- Google Docs is free for anyone with a Google account to use.
- The biggest issue is that you can really only make the most of Docs when you’re connected to the internet.
- Docs’ greatest strength is how seamless collaboration is. It’s simple for multiple people to work on a single document at the same time.
3. Apple Pages - Mac Word Processor App
Pages is Apple’s Mac-native answer to Word. It takes full use of all the Mac’s native technologies and has a companion iOS app. It's a decent app with all the features you’d expect a professional word processor to have. You can even collaborate with PC users through Pages for iCloud.
- Pages is free for macOS and iOS users. PC users can also use the iCloud version for free.
- Pages is the best looking, and has the best looking templates, of all the full word processing suites available on Mac.
- Unfortunately, Pages just isn’t as popular as the other apps, so you might have a hard time convincing the people you want to collaborate with to use it as well.
4. Writer - Free Word Processor for Mac
Before Google Docs, the leading free competitor to Word was LibreOffice’s Writer. It’s still around, it’s still free, and, well, that’s about it.
Writer is a decent open-source word processor that, for the most part, has been replaced by other options. While you can still use it for your own personal use if you’re familiar with it, it doesn’t really have anything going for it that makes it stand apart.
If you desperately don’t want to use Microsoft, Google or Apple’s offerings, it’s there. Otherwise, it’s probably not the app for you.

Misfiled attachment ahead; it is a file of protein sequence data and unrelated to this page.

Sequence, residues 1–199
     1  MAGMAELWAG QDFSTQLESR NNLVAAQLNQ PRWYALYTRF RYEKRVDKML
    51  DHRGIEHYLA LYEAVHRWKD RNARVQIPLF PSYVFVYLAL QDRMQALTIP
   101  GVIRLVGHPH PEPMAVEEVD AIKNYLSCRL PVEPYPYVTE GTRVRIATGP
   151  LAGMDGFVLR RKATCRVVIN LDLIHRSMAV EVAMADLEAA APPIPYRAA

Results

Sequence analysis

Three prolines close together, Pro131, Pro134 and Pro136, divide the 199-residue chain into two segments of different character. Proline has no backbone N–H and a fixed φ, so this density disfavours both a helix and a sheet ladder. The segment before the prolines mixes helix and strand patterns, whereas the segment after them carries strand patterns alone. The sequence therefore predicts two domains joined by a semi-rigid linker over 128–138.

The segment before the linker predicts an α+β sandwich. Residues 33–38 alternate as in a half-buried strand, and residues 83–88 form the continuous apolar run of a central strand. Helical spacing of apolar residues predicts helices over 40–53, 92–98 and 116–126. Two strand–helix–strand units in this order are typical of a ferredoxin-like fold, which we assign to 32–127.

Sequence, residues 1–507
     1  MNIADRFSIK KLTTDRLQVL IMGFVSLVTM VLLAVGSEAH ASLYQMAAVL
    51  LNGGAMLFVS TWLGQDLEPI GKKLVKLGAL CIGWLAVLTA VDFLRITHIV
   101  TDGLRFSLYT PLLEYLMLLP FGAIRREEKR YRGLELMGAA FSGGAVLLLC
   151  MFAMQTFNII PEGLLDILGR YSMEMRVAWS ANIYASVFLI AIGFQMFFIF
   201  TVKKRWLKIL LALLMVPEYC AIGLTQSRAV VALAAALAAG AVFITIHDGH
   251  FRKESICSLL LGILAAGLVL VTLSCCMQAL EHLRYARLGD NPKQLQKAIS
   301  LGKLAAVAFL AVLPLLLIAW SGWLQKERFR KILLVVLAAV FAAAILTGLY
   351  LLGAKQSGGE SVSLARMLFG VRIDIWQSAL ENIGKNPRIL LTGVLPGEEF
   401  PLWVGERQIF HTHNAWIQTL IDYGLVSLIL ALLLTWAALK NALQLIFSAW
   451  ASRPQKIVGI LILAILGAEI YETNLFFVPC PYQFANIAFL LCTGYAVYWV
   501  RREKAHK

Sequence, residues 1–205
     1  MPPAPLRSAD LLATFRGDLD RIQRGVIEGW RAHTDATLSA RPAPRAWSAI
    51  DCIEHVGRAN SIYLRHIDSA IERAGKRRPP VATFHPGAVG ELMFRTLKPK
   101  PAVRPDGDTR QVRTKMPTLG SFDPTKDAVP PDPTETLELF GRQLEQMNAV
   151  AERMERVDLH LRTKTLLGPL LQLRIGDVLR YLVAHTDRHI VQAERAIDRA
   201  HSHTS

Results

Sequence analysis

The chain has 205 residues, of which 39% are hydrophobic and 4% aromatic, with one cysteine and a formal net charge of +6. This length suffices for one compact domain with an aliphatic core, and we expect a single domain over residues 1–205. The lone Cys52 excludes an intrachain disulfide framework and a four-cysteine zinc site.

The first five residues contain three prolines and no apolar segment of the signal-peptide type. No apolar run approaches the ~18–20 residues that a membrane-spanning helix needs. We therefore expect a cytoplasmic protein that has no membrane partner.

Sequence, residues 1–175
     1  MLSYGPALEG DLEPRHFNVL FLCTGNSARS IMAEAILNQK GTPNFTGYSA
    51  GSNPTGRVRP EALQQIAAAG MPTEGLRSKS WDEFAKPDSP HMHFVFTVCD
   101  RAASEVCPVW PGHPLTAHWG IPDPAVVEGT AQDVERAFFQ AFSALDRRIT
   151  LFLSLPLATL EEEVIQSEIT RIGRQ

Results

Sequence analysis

General Writing Apps for Mac
These writing apps are less fully featured than a full word processor. Some are more suited to specific kinds of writing, like blogging, but they are all pretty flexible. For most people, one of these apps will give you the best balance between form, features, user friendliness, and price. They’re all a lot easier to get to grips with than a behemoth like Word.
Like Writer, TextEdit is getting a reference for completeness sake rather than because it is a truly amazing word processor. It comes with macOS and can create, edit and style simple text files. If you only need a very basic scratch pad for writing quick text documents, it’s perfect; but if you need something more fully featured, there are better options.
6. Ulysses - Pro Writing Software for Mac
I’m writing this article using Ulysses. It’s the app that, by far, best fits my needs. It’s great for writing longform content as well as keeping dozens of shorter articles organised. I know quite a few other writers who use Ulysses as well, and that’s the key. Ulysses is perfect for writers. If you are banging out hundreds of words on a daily basis, it will make your life easier. If, however, you only need something for occasional report writing, it will be a poor fit.
- Ulysses costs $44.99 for the Mac version and $24.99 for the fully-featured iOS version.
- Ulysses has full Markdown support.
- Ulysses is designed for writers so offers a lot of features to make it easy to outline, draft, write, edit, and rearrange longer works.
- You can also publish directly to your WordPress site or Medium account from Ulysses.
7. Byword - Simple Mac Writing Software
Before Ulysses, I used Byword. It’s a simple, beautiful text editor. If you just want to write a letter, a diary entry or a blog post, and not worry about much else, it’s great.
- Byword costs $11.99 on Mac and $5.99 on iOS.
- Byword is designed to be used with Markdown. In fact, it’s the app I used in my introduction to Markdown tutorial.
- With Byword, you can export your files to text, HTML, or PDF files. More usefully, you can publish them directly to Medium, WordPress, Blogger, Tumblr, and Evernote.
8. iA Writer - Minimalist Writing App for Mac